Judo was created in Japan in the last 19th century, by combining a variety of different forms of fighting. In current times, it’s thought that over 40 million people across the planet participate in this sport, but which countries have the best records in this martial art?
As the home of the sport, it’s no surprise to find that Japan is also the leading nation at it. There is no other nation that is as much of a favorite on the sports betting websites throughout the Olympics or any Judo main events as Japan.
It was first added to the Olympic Games for the 1964 event in Tokyo, with medals first awarded to female competitors at the 1992 Games.
In this time, Japan has racked up 48 gold medals, 21 silver medals, and 27 bronze medals. This puts them far ahead of the rest of the countries that have won medals in this sport. The 2020 Olympics saw the games go back to Tokyo, and the home nation again dominated, winning nine of the 15 gold medals available.
Japan also sits at the top of the World Nations Ranking List, so there’s little doubt that they deserve to retain their title as the best country at judo. However, we can also see that many other nations are catching up with them, as judo spreads around the globe.
It’s a double-edged sword, as the Japanese can be proud that one of their own sports has become a worldwide sensation. But there’s also the risk that they’re no longer the top judo nations before too long. We also need to remember that judo isn’t just about winning, as it’s also about training the body and mind, instilling discipline and efficiency of effort.
The inclusion of France in second place might be more of a surprise. The European nation is said to have about 800,000 people who actively participate in this sport, which is four times the number who take part in it in Japan.
This huge level of popularity has led to them coming second in the all-time Olympics medal table. With 16 golds, 13 silvers, and 28 bronze medals, they’re a long way behind Japan but comfortably clear of South Korea, who lie in third place.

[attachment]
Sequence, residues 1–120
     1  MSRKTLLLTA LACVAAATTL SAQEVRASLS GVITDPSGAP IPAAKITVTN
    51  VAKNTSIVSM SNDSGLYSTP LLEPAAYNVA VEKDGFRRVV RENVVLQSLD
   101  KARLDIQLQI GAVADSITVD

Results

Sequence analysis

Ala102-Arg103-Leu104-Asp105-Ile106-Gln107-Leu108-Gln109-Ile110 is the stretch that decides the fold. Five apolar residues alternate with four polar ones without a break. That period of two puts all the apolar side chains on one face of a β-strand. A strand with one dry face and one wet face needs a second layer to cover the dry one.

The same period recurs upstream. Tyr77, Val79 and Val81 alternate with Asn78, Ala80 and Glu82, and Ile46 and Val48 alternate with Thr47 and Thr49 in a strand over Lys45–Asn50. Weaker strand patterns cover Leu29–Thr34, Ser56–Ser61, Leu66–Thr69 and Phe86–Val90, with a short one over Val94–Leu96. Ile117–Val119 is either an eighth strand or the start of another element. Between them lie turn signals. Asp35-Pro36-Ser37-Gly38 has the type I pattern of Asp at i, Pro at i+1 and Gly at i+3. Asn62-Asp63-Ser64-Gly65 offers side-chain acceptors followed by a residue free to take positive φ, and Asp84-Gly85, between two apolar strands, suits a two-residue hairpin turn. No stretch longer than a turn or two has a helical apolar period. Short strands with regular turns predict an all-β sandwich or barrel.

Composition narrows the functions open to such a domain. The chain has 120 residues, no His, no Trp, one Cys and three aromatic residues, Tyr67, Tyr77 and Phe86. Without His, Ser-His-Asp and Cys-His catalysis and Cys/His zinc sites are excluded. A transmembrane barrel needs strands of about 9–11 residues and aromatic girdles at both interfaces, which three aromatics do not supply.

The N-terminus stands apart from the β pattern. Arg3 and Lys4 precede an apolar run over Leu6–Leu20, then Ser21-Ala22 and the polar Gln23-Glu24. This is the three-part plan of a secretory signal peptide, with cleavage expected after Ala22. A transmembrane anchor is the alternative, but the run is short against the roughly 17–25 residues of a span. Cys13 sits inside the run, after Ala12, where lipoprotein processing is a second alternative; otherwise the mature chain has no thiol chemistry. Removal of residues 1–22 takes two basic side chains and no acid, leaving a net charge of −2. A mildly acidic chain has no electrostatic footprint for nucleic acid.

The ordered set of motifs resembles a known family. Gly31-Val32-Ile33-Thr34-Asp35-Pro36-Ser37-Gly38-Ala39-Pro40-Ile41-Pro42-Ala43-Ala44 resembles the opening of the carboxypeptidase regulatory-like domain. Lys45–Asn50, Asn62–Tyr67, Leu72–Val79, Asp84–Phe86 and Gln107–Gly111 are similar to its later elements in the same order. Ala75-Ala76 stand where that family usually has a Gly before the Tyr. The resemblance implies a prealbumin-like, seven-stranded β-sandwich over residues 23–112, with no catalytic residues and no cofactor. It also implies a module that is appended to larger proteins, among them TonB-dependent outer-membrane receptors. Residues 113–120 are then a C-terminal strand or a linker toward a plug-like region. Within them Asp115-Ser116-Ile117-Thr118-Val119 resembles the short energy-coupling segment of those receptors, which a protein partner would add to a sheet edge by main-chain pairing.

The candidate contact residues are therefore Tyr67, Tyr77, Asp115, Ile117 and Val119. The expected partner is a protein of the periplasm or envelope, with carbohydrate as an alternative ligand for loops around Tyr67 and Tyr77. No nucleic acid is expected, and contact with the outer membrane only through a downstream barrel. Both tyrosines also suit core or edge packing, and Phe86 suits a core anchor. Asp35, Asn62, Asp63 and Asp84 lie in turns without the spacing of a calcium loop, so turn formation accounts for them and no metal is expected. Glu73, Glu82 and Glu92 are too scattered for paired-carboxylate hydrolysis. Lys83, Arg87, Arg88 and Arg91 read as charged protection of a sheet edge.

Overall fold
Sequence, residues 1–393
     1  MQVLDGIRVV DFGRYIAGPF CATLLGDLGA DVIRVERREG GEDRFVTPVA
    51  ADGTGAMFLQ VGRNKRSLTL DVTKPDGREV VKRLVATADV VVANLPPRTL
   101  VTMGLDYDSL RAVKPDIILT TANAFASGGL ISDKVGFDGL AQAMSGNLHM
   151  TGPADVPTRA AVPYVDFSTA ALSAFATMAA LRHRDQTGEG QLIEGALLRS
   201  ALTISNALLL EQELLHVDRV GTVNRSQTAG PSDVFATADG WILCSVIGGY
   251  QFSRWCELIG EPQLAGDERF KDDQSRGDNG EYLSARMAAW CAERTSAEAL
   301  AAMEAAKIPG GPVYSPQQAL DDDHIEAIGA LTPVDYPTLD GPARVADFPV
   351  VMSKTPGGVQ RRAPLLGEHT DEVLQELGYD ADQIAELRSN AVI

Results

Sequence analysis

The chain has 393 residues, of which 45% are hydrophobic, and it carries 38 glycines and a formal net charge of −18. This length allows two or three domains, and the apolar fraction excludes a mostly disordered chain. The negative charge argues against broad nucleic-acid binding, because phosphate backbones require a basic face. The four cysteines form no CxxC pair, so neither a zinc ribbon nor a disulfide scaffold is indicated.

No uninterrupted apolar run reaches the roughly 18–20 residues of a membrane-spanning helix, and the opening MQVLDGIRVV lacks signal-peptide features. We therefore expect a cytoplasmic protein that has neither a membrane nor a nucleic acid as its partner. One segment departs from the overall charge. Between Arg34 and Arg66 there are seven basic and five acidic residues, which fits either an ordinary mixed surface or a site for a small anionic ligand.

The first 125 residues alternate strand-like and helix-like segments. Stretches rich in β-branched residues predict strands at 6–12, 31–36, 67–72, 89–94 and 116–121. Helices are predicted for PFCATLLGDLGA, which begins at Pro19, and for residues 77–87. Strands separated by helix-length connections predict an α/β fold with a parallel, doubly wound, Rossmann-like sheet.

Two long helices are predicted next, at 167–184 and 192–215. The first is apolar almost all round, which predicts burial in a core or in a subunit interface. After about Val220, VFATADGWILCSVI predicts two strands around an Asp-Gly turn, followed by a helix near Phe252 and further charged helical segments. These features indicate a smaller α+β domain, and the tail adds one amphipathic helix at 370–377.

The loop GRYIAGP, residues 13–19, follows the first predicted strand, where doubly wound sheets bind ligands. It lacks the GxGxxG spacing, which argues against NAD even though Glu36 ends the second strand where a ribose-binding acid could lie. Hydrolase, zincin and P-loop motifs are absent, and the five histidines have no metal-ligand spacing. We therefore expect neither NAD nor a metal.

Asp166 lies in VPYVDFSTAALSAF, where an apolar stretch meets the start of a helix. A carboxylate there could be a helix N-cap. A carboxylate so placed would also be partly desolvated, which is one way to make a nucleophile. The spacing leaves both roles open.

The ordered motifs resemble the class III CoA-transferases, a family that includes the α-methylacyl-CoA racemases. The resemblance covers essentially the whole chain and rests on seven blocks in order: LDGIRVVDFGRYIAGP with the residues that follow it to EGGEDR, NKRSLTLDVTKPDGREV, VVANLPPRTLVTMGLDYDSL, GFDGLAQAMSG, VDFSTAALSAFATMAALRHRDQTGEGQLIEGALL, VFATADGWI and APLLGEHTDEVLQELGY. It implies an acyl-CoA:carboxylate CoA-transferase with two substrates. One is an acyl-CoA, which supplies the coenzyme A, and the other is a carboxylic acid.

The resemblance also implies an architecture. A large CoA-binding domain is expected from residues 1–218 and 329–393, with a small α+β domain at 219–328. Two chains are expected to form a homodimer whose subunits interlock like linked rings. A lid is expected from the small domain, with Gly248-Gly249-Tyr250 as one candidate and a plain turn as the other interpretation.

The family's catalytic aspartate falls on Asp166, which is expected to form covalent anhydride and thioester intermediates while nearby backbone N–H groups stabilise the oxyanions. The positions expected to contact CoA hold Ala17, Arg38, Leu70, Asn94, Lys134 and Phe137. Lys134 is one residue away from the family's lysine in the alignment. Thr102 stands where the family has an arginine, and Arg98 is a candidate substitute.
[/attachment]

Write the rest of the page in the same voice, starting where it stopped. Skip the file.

The 2020 Games also saw France finish in second place, with two gold medals, three silvers and three bronze medals to their name. It’s been popular here since the 1950s, with the initial introduction of judo to the country coming when master Mikinosuke Kawaishi brought it to Europe.
This Asian nation is still in third place on the Olympics medals list, despite failing to win a single gold in the 2020 event. Their overall record of 11 golds, 17 silvers, and 18 bronze medals should mean that they stay in third place for the foreseeable future.
The 2020 Olympics saw South Korea share sixth place on the medals list with Germany and Mongolia, as they each picked up one silver and two bronze medals. Going back to the 2012 Olympics, the country won a couple of gold medals in London, but failed to win gold at the 2016 event in Rio.
South Korea has a strong history in the sport and the style developed there remains influential. The medals history for the World Judo Championships tell a similar story to the Olympics, with South Korea in third place behind Japan and France.
The 2021 Championships took place in Budapest and 27 countries won medals, but South Korea wasn’t among them. While the sport remains highly popular here, it seems that the country’s place on top of the top judo nations is under increasing threat.
There are quite a few countries that could make a claim to fill the final spot on our list. Yet, the one we’ve chosen wasn’t a name normally associated with the martial arts. This changed in the 2020 Olympics, when Kosovo won two gold medals.
This small Balkan nation was only accepted in the Olympic organization in 2014, having achieved independence a few years earlier. At the time of writing, they’ve won three gold medals in total, and all of them coming in judo.
The impressive run began in 2016, when Majlinda Kelmendi took home the country’s first-ever gold medal from Brazil in the women’s 52 kg category. Four years later, they claimed their second and third golds, all of them coming in women’s events.
Interestingly, the nation’s top competitors all come from the town of Peja, which is the home of all five of their entrants in the 2020 games. The 2021 World Judo Championships were more disappointing, with Kosovo only managing a single bronze medal.
With a population of less than two million and no long-standing history of judo, their recent performances have been remarkable. Of course, it remains to be seen whether Kosovo can build on this strong start and establish itself as one of the leading judo countries of the future.